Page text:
As much as I loved reporting, the highlight of my years at the Far Eastern Economic Review was editing Nate Thayer, one of the greatest investigative reporters of his generation. Nate broke the story in 1997 that Cambodia's ex-dictator, Pol Pot, was still alive and had been purged from the Khmer Rouge, the movement responsible for the deaths of some 2 million Cambodians when it held power from 1975-1979. He followed up a few months later with the first interview with Pol Pot in 18 years, shedding light on how utopian leftism absorbed in university classrooms and cafes in Paris translated to genocide back in Cambodia. Pol Pot committed suicide after he heard Nate's report, picked up by the Khmer service of VOA, that the Khmer Rouge were about to turn him over to international authorities for trial.
In an era of instant communication, when scoops are matched in hours and sometimes minutes, the Pol Pot stories went unmatched for months. That's because Nate had spent years developing contacts within the Khmer Rouge, Thai intelligence, and elsewhere to gain this access, and seized an opening when the movement turned in upon itself. By no means a Khmer Rouge apologist, he presented a straight, unvarnished picture of the past and present, and confronted Pol Pot with the evidence that he was a mass murderer. With journalism dominated by repackaged content, reporters spoon-feed by anonymous sources with agendas, and few publications besides The New Yorker and The Atlantic willing to back long investigations, these stories stand as journalistic monuments I feel privileged to have helped build.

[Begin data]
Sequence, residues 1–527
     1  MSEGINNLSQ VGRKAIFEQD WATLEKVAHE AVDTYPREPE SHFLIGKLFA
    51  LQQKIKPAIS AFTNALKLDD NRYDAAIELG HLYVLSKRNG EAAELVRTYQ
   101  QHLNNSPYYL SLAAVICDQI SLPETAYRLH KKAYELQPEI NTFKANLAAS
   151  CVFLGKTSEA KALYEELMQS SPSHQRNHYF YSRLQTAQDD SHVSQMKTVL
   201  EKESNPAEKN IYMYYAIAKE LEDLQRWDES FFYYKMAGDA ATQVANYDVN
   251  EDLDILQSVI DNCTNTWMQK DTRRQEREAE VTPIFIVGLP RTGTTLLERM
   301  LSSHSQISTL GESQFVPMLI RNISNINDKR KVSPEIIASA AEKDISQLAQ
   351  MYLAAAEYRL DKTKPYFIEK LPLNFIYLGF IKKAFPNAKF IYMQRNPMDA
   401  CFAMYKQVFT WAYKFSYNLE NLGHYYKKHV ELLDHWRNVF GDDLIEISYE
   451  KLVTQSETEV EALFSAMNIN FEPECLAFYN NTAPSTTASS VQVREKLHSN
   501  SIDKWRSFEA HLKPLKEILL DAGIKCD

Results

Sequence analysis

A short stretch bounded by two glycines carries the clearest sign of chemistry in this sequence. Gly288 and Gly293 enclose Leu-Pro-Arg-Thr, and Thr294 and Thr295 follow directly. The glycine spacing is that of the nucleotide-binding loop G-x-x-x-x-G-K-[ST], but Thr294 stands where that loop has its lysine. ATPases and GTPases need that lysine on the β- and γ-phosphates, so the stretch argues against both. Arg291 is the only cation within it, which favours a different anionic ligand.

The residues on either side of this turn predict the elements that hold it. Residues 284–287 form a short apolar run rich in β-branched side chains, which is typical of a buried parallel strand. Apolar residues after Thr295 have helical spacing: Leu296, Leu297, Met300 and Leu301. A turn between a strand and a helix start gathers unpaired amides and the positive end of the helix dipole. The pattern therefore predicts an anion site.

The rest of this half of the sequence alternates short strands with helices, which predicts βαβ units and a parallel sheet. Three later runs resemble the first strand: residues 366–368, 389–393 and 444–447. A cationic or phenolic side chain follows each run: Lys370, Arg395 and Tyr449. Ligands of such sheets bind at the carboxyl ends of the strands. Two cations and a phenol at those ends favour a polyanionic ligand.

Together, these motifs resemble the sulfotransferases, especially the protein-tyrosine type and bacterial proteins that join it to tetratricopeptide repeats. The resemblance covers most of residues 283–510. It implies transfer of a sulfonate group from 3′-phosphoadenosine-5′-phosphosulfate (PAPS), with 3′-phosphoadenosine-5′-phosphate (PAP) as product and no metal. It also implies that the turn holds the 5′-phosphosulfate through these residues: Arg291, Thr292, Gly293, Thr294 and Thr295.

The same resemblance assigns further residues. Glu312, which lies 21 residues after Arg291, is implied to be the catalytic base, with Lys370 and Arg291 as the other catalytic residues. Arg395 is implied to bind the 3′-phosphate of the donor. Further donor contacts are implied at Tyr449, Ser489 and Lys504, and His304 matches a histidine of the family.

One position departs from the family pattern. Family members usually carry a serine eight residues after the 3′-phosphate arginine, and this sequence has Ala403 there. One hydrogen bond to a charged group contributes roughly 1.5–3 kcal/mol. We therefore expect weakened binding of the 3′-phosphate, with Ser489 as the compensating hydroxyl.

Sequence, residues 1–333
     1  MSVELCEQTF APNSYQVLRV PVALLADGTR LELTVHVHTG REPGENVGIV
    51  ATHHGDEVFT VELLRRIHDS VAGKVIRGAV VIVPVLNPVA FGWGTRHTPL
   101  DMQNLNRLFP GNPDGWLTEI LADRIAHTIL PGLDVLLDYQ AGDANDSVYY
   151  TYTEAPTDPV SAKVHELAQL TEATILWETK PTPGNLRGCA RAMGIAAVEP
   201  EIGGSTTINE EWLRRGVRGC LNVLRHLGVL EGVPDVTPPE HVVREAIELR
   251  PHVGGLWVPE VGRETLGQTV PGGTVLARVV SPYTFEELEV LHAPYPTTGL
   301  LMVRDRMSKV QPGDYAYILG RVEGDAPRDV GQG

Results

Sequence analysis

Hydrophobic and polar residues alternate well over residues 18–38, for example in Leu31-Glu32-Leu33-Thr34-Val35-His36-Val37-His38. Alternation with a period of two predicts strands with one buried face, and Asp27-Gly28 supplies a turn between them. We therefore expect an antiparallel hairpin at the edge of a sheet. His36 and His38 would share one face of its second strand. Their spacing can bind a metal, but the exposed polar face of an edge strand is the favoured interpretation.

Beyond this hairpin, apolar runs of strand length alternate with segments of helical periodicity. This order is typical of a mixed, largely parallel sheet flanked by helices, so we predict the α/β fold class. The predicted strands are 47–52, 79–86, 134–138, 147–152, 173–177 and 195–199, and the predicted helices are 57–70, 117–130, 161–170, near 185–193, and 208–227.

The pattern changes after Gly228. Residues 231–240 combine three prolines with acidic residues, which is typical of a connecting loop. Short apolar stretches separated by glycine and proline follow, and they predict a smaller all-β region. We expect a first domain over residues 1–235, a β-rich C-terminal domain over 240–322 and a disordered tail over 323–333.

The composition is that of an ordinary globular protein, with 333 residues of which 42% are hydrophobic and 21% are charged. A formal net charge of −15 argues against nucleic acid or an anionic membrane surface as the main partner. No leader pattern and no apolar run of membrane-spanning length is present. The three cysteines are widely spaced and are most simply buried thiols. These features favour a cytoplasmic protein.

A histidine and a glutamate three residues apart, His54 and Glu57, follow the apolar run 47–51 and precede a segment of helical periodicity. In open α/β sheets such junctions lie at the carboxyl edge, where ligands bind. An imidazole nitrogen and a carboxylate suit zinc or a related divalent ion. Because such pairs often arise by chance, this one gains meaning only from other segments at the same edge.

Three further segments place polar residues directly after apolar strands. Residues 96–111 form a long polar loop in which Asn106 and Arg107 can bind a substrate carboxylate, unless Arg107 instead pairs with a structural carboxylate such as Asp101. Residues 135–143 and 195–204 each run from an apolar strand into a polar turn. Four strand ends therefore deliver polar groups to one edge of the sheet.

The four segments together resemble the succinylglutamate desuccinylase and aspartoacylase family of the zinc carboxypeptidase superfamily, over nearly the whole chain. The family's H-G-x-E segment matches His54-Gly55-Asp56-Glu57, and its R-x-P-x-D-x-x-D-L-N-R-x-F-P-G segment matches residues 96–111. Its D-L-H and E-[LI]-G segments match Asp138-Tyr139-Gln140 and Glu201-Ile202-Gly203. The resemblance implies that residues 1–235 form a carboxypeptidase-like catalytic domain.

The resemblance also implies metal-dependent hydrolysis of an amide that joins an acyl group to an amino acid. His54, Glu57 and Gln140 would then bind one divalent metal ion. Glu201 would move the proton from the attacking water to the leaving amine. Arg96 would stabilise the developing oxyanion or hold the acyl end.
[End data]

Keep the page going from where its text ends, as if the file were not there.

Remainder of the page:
With the Pol Pot exclusives, Nate came exhausted out of the jungle, disgorged his notes, pictures and video, and we shared the writing. It was great teamwork, and it would not have been possible without the support of another legendary journalist, then Review editor Nayan Chanda. The stories are not available online, because Nate was a freelancer on retainer with the Review, and he owns the copyright. But with his permission, I'll scan and post them on this site eventually, as they represent and important contribution to the historical record on Southeast Asia and on genocide. I also hope to see Nate complete his book about that era -- the chapters I have read are very strong.
Nate and I actually first met when we were competing reporters in Cambodia in 1991, him for AP and me for AFP. Then after we both joined the Review, I helped him pull together a package of stories that exposed how Cambodia was failing as a state, with a major Sino-Thai drug dealer paying a third of the defense budget and using the apparatus of state to grow his business -- much the way Al Qeda took over Afghanistan a few years later. We remain close friends.